Let's spend a little time defining 'ecstatic' lest I be misunderstood. I am not speaking here of mere enthusiasm but of something that involves the whole persona - thoughts, emotions, will, sensuality even - all that is a man. There is no doubt that happiness consists of this too. But can you imagine how exhausting it would be to experience this kind of happiness at all times? Or how dull it would be to experience only the quiet form of happiness at all times? That is why I maintain there is a spectrum between these two and that the most fulfilled person will be moving between these two poles and enjoying all the shades and combinations inbetween.
Perhaps the two poles are the essential difference between being content and being taken out of oneself. And it is never enough to be content, neither is it enough to be in bliss. The two bring balance.
And yet our experience of happiness in this life is at best fragmentary and fleeting. If we seek to build a foundation of happiness on this plane and then seek to complete it by reaching up to Yahweh, we will fail. It is like building a house on sand. The right way is to build a foundation of happiness on Yahweh and then, from this unassailable vantage point, reach down to both bring and enjoy happiness down here.
I have sought to build a foundation of happiness down here and have concluded, based on both my own experience and that of others, that this is a totally unrealistic expectation. People will always disappoint you and you will always disppoint them. But if your foundation is Heaven, then you are drawing on far more than your own feeble and fleeting life resources - you are tapping into the infinite and incarnating it into your living down here to bless both others and yourself. Better still, you'll still have it when you die to enjoy up there.
Thus there can be no final and complete happiness except as Yah'shua (Jesus) expresses in His sixth beatitude:
And until we have seen Yahweh...come to really know Him through being connected to Him...we can never find that abiding hapiness nor experience the entire spectrum that exists between contentment and ecstasy - between shalom (peace) and simcha (joy). Yahweh made us for happiness and our happiness is in Him. This happiness becomes all the more greater when we experience Him in others and thereby connect to them simultaneously too. This is the hight happiness and Yahweh's greatest intent. It is the basis of Yah'shua's (Jesus') High Priestly Echad (Oneness) Prayer of John 17.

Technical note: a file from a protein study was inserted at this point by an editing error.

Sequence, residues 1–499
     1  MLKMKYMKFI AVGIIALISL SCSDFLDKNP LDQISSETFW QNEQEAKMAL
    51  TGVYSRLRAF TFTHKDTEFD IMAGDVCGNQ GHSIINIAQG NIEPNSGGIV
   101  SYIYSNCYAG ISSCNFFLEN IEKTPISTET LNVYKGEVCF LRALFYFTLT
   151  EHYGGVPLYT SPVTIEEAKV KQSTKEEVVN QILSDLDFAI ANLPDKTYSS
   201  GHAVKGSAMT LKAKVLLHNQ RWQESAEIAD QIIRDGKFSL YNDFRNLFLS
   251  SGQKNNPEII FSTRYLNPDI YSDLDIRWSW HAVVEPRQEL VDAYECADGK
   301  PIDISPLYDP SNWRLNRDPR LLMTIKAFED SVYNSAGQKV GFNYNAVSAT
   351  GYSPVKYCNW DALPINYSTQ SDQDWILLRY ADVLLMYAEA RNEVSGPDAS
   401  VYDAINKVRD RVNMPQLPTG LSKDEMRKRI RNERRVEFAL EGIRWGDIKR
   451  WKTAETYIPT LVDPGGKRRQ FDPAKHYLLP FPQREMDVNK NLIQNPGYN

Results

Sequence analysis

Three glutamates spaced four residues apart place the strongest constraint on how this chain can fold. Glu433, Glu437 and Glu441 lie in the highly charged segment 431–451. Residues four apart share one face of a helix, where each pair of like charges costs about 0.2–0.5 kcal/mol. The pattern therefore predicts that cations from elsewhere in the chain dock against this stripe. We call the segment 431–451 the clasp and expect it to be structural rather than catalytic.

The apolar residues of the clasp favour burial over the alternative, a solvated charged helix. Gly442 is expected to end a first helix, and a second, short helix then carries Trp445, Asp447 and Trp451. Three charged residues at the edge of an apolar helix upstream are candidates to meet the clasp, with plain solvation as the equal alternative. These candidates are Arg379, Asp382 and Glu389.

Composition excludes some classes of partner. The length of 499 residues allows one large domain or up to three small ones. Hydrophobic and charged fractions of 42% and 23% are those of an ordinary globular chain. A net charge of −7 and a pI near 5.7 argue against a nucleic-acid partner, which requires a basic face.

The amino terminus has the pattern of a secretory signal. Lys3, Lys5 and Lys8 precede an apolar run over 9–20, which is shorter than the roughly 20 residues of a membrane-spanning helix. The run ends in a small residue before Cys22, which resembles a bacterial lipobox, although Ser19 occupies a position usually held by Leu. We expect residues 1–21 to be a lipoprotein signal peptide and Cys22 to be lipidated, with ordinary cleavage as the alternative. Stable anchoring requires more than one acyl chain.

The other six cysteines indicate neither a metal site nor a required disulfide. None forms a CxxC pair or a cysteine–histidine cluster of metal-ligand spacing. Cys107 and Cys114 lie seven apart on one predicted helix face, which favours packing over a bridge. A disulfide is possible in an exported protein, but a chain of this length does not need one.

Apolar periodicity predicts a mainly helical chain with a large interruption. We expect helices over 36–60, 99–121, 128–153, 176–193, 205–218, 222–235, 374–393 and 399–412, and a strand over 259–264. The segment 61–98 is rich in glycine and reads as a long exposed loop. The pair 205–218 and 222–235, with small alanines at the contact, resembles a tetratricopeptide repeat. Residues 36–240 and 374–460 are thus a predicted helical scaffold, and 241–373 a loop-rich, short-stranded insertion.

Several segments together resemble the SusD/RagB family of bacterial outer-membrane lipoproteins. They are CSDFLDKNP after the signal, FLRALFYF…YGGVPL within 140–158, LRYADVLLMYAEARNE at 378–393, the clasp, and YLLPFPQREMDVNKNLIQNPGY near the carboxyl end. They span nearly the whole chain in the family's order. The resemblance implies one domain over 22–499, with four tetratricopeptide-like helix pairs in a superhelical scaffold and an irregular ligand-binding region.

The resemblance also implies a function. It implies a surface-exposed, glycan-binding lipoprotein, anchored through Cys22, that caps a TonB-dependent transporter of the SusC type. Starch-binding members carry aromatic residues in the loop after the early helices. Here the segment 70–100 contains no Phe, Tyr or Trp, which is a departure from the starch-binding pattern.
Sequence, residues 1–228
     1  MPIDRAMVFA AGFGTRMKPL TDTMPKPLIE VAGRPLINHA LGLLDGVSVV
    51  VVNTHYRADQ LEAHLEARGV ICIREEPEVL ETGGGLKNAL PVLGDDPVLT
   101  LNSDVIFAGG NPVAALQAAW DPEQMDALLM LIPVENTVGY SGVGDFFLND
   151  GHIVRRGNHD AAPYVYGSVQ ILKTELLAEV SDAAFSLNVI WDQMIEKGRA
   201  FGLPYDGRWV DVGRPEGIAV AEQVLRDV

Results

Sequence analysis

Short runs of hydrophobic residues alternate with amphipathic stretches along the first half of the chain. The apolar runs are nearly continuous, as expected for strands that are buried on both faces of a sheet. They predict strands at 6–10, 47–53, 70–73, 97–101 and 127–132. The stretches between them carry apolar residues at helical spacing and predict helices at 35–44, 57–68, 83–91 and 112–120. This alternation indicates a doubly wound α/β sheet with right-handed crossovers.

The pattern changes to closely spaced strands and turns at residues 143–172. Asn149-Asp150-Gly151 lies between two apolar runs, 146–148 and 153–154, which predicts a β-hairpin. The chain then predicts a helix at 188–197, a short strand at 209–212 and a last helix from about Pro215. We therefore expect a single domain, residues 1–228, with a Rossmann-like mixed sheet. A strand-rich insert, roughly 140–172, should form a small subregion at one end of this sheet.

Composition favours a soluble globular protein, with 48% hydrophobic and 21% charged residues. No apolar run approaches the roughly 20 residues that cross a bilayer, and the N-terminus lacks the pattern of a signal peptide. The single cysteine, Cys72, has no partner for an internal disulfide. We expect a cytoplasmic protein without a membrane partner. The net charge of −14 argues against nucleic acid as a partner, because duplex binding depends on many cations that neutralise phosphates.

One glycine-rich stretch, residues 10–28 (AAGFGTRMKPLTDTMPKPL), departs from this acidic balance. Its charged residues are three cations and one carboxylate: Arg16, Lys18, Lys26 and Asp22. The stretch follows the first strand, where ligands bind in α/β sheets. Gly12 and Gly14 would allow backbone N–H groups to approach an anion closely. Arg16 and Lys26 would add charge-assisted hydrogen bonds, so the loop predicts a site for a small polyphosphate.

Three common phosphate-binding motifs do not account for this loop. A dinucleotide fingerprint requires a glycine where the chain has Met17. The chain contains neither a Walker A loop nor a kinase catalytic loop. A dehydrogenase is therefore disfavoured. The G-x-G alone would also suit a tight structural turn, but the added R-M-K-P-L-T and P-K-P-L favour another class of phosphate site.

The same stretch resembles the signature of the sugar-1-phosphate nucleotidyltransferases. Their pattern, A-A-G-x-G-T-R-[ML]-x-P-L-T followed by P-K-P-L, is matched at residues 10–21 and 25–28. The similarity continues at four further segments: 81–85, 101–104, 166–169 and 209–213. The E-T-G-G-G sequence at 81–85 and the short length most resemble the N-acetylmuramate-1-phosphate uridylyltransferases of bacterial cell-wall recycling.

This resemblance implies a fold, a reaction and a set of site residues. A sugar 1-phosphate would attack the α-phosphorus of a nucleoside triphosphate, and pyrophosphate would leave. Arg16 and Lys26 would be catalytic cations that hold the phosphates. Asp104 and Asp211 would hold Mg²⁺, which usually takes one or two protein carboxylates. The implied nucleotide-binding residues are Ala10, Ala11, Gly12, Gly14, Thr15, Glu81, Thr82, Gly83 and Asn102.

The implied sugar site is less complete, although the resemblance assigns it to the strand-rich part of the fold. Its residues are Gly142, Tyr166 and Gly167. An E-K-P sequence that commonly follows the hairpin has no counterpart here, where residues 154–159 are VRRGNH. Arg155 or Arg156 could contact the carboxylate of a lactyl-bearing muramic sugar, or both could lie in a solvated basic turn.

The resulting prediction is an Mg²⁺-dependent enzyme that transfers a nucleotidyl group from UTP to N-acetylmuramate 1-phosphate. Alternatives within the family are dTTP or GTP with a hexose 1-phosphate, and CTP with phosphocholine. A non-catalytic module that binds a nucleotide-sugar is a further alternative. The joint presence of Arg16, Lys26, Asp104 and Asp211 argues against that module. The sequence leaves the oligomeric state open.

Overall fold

"Blessed are the pure in lev (heart), for they shall see Elohim (God)".
As this is such a large and important subject I would like to continue with this tomorrow as I try to answer what is for me an exceedingly difficult question indeed. Selah!
 Many translations used "happy" (e.g. Jerusalem Bible, J.B.Philips) and some use both (Orthodox Jewish Bible). True to form, the Amplified Version uses all the shades of meaning: "Blessed - happy, to be envied and spiritually prosperous [that is, with life-joy and satisfaction in God's favour and salvation, regardless of their outward conditions]..." (Mt.5:3, Amp.V.). Indeed, the Latin for happy is beatitudo from which we name this sermon of Messiah, 'The Beatitudes' - that which makes happy.
 Richard Harries, Prayer and the Pursuit of Happiness (Collins, London: 1985), pp.23-24